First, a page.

[Part Two of a series whereby, either through coincidence or nostalgia for breakfast, I steel myself determined to delve into the odd convergence of three foodstuffs and their history-laden packaging. Bear with me, and I think you too will be struck by the uncanny dignity of American canning. This content recycled from my now mothballed website, excitablemedia.com.]
The roots of the Morton Salt company trace back to 1848, when a group of agents for the Onondaga Salt Interest got together in Chicago to usher in a new era of salt distribution. They called themselves Richmond & Company until a daunting figure named Joy Morton, the governor's son, bought a controlling interest and renamed the business after himself. So it went for half a century.
By the end of the Victorian era, the Morton establishment knew they had broken new ground. At the time the biggest saline contaiment problem was "clumping," the fact that whenever the humidity reached a certain threshold great balls of salt would form inside the containment cylinder, and as any food service provider knows, one of the most frustrating things in the world is trying to pour clumps through small preforations. But crafty Morton engineers discovered that if you added magnesium carbonate into the mix, salt would pour even in the most humid climes. They knew their salt innovation would change the world, and the company felt that it was time to claim a distinctive brand identity.
Thus they decided to launch a marketing campaign worthy of the Quaker Oatmeal Quaker, and the hot summer of 1910 found the Morton salt marketing team sitting in their black suits around a conference table, brainstorming names and slogans for their cutting edge brand.
Young George Harriman suggested the first slogan, "Even in rainy weather, it flows freely," but the committee thought it too cumbersome, despite or perhaps because of its clear statement of the facts.
The group worked through the night, sculpting and molding their syntax. Phrases like "flows freely" and "runs freely" hung in the air like cartoon ballons, but all were rejected due to urination connotations. Finally Young Harriman came through again, pulling out from his think pot his grandmother's salty old adage, "It never rains, but it pours." At last they had a winner, or so they believed . . .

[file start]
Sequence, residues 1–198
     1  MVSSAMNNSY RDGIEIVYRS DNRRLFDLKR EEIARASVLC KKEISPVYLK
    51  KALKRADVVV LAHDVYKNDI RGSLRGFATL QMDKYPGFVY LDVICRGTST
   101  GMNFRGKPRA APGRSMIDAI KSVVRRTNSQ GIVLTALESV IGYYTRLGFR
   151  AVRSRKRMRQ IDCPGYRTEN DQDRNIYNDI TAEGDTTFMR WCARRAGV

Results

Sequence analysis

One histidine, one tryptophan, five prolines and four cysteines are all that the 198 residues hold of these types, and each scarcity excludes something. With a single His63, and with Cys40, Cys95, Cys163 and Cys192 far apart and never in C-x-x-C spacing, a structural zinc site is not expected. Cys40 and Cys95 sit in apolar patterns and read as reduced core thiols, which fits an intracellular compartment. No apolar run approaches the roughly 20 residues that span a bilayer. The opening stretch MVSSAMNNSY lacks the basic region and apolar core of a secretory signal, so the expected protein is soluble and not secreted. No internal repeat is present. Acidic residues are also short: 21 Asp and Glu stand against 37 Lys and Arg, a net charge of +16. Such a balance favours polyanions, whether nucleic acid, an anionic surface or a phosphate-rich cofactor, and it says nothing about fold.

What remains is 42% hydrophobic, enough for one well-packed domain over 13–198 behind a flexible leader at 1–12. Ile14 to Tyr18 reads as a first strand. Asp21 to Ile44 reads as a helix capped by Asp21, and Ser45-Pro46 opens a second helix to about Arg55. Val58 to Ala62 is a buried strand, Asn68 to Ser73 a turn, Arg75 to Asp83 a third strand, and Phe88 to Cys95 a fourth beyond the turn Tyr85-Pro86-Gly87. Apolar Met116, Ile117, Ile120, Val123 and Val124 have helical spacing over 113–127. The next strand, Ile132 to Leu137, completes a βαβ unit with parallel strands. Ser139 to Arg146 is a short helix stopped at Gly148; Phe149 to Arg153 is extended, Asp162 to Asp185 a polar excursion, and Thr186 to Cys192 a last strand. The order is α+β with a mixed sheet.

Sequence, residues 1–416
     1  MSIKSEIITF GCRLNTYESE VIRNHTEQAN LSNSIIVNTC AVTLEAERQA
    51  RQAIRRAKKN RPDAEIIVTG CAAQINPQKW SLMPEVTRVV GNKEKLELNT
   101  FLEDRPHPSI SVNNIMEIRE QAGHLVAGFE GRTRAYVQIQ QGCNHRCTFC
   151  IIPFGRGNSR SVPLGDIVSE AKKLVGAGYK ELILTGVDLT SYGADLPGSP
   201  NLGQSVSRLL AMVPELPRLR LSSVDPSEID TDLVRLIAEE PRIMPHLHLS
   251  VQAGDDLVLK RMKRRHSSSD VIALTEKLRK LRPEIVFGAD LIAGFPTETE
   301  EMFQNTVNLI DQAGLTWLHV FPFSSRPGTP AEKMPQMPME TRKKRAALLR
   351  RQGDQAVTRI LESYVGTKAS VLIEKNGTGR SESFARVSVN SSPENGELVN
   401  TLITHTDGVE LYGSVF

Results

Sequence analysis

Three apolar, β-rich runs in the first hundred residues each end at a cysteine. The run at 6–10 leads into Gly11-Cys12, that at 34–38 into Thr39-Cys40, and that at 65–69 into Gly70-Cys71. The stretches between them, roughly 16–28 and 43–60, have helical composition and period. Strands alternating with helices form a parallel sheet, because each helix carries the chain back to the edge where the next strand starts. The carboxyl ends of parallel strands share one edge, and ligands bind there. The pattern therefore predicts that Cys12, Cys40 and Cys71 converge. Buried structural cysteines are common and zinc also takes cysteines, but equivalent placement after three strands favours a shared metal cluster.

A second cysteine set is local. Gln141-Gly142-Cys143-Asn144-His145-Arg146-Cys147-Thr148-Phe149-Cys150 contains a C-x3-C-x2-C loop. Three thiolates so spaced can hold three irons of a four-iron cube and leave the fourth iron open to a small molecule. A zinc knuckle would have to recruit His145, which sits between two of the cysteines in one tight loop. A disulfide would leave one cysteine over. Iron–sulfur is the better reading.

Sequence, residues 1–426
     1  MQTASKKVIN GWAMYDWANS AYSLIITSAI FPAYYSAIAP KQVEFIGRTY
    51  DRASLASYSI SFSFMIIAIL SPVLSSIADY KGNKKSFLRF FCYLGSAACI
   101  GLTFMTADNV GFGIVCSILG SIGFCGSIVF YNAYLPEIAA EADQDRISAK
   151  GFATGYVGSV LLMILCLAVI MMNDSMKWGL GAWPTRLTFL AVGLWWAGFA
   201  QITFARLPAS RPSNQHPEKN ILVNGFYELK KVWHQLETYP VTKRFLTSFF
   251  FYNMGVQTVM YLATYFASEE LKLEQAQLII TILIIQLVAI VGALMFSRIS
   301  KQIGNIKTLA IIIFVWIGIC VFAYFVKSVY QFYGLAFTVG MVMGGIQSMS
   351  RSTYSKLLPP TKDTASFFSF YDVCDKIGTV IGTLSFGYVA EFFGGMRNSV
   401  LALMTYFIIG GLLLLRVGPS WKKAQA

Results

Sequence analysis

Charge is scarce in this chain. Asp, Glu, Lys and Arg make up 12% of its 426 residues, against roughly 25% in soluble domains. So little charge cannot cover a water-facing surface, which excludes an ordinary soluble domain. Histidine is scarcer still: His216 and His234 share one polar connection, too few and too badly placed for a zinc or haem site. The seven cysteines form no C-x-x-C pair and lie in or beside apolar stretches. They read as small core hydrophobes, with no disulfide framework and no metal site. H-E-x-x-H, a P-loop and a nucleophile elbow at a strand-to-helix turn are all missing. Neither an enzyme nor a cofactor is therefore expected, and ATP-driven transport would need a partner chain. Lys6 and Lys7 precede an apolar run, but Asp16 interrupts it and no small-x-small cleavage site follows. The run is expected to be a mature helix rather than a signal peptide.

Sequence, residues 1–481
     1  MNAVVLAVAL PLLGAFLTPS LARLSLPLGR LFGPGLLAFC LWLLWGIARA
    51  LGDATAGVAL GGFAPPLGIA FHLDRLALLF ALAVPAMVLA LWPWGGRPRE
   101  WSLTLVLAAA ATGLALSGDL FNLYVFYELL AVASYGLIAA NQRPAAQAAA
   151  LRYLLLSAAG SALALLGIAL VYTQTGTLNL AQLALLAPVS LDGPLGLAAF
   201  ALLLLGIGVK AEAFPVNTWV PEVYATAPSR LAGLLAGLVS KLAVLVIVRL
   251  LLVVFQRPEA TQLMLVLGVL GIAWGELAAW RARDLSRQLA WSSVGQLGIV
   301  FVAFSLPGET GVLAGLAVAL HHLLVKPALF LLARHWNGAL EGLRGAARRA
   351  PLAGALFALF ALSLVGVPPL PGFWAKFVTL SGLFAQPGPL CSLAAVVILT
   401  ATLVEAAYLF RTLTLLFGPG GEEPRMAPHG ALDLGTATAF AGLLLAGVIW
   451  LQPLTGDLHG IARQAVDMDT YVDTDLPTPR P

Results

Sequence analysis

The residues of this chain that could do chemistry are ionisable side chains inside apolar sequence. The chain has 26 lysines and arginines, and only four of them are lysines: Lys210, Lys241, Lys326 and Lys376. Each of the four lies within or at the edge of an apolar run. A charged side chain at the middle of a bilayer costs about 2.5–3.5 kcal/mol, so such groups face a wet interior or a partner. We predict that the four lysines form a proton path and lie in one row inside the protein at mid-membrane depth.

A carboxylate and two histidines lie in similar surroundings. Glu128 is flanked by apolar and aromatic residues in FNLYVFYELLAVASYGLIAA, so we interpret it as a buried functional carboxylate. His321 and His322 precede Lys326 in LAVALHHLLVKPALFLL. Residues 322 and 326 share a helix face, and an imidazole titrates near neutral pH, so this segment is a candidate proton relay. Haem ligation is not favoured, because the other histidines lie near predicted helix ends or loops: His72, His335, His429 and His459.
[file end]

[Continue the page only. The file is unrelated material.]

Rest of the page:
The team pitched the slogan to old man Morton the very next day, beading sweat while he mulled it over, watching as he pulled three times at his handlebar mustache before emitting his famous retort: "Too negative. A revolution demands positivity." Heads nodded quickly in agreement, and the brain trust went back to work, coming up with the enduringly upbeat slogan that still appears today: "When it rains, it pours." The ad campaign went national the next month in Good Housekeeping magazine, the slogan placed alongside an illustration of a young girl holding an umbrella, and a salty legend was born.
That much is certain. But the more pertinent question is one of salt's great mysteries. Why is the Morton girl so recklessly pouring salt onto the ground? At the time salt was a precious commodity, and to pour it evenly onto the ground was considered lunacy, a sure sign of madness. Surely the girl's inscrutable expression provides no clue: Whether she is thinking of chocolate, mulling a musical ditty, or reliving a long forgotten memory is irrevelant, but if the weather in the girl's world is anything like the weather in Saint Paul today, I say she's pouring salt onto the sidewalk in order to melt the walkway ice for passers-by to come.
Next time you drizzle salt onto the stoop steps, glance down at your salt containment bag; chances are you'll find the Morton Umbrella Girl standing there, dancing gently to some internal melody. O! Salt spirit, you walk before me, braving the slips and stumbles of the ice-caked cobblestones so that I may walk in peace alongside my kin and all their roommates, our feet planted firmly on the ground. Lead us, Salt Girl, as we walk rainclouded into history.